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Pulse Survey Analysis: What's Up With Captive Fronting and Collateral Requirements?

 In partnership with, Towers Watson conducted this pulse survey to take a look at the issues involved in reinsuring your captive.

This analysis was written by analysts at Towers Watson.

The recent re-launch of the pulse survey in August 2007 attracted 58 captive owners or their representative managers or consultants.. Based on the first question, respondents were split nearly evenly between single parent and group structures. The subject was a currently popular theme, fronting arrangements, and is the first in a three-month series on the topic.

A solid majority of respondents to the second question (72.7% of single parent captives and 71.4% of group captives) answered that they have a strong or virtually complete understanding of their fronting carrier’s approach in determining collateral requirements. Approximately 14% of single parents and 18% of groups expressed “some” understanding, with a handful admitting to little or no understanding, or an inability to obtain an explanation from the fronting carrier.

Asked what forms of security are required by fronting carriers, Question 3 revealed that letters of credit (LOC) were most popular with 36.4% of the single parent captive votes and 42.9% of group captive votes; hybrids (LOC/trust account/cash/parental guarantee) came in second with 22.7% and 39.3%, respectively. Good old fashioned cash was a near third for single parent captives with 18.2% of responses, but zero responses for groups. A relatively small number of survey takers answered that parental guarantees, trust accounts, or letters of indemnity (a write-in response), comprised their collateral requirement.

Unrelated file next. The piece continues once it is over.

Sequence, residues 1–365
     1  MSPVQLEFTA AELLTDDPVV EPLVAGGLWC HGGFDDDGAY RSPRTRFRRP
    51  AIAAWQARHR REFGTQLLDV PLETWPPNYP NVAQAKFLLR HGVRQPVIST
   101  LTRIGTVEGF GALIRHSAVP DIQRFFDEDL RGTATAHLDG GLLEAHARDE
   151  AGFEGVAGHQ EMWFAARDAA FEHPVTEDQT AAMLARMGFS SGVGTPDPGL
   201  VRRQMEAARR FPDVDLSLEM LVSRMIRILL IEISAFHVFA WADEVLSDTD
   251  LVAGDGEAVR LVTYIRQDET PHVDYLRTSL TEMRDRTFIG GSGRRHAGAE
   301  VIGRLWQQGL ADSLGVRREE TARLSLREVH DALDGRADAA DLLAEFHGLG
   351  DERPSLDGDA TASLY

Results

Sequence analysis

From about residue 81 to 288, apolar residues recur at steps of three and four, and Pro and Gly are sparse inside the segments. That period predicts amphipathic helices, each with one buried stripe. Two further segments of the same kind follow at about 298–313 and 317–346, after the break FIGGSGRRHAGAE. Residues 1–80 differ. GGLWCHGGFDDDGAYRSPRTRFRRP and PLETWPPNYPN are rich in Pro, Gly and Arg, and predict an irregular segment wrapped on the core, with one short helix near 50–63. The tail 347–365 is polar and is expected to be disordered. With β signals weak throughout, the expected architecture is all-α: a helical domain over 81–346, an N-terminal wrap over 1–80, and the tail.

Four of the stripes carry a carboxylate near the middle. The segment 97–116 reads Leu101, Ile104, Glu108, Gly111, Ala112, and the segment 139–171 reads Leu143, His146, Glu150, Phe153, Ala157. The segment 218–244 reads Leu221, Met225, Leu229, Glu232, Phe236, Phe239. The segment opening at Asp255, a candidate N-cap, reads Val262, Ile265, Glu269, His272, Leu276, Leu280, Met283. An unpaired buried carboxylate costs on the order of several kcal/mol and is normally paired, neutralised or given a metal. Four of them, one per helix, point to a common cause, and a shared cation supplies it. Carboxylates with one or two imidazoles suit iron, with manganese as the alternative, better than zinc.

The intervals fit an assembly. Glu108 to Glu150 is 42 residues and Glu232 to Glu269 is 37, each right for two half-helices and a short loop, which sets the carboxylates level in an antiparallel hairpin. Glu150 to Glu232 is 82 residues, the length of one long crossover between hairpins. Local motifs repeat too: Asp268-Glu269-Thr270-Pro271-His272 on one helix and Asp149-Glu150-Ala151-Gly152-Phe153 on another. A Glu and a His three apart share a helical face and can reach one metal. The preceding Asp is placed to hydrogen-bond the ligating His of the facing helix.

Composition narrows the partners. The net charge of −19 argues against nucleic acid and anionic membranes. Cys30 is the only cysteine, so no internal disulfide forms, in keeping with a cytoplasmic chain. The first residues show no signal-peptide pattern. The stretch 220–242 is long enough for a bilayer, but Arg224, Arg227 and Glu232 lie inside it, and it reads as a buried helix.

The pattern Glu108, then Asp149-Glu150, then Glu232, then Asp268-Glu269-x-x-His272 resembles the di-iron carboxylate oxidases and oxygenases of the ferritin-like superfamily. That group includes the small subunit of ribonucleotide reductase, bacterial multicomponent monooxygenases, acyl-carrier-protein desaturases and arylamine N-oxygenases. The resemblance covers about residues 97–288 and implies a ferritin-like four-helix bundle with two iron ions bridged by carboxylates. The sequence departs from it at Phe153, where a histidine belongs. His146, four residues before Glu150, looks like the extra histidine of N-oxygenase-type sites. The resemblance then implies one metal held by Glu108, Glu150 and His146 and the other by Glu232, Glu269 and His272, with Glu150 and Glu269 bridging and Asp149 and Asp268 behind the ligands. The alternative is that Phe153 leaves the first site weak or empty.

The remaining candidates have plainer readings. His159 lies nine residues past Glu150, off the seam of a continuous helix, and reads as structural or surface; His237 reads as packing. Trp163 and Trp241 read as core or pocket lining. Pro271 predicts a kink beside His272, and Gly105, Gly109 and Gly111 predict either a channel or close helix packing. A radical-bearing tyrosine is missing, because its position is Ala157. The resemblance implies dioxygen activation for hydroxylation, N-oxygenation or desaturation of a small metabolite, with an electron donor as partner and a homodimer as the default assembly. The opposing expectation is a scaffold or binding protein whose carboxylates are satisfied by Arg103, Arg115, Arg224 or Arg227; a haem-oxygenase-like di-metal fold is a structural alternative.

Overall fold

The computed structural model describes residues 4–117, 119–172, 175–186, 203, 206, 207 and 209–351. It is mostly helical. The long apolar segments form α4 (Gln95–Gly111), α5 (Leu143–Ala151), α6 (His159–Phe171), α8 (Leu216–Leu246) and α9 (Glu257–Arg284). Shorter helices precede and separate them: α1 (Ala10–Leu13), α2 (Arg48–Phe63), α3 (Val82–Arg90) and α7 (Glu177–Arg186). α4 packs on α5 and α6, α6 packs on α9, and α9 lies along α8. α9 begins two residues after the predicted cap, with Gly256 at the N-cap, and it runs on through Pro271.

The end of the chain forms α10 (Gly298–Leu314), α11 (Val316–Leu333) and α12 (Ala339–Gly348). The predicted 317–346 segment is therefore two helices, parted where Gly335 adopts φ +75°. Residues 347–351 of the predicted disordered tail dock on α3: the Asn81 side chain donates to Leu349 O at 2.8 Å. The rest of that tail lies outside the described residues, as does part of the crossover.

Question 4 dealt with fronting carriers’ interactions with captive owners regarding collateral amounts. Results indicated divergent trends between single-parent and group captives. For single parents, a dead-even split existed between the “completely or fairly collaborative” and “fairly or completely inflexible” category pairs. For groups, the ratio was weighted to the inflexible side, with 71.4% of votes versus 21.5%. In only one case for each of single parents and groups, a captive representative stated that its fronting carrier wanted things “my way or the highway.”

In summary, the survey results indicate that captive owners generally have a good understanding of their fronting carriers’ approaches to determining collateral requirements. However, it seems that carriers may be unwilling to negotiate these terms to any great extent, especially for group captives. Collateral requirements are most often satisfied with LOCs or hybrid arrangements.

We note that in recent years we have seen first hand among our client base that captives have been gravitating away from LOCs, often to trusts, in an effort to reduce costs and/or unencumber corporate credit lines.

While it is still too soon to ascertain whether credit demands may change as the credit markets tighten their reins in other areas (e.g., mortgage financing), liquidity issues may rise to the surface even in the seemingly unrelated insurance domain. Hopefully this pulse survey has shed some light on the often perceived cloudy landscape of fronting collateral requirements; the upcoming two surveys will delve further into related matters.


captive and ART resources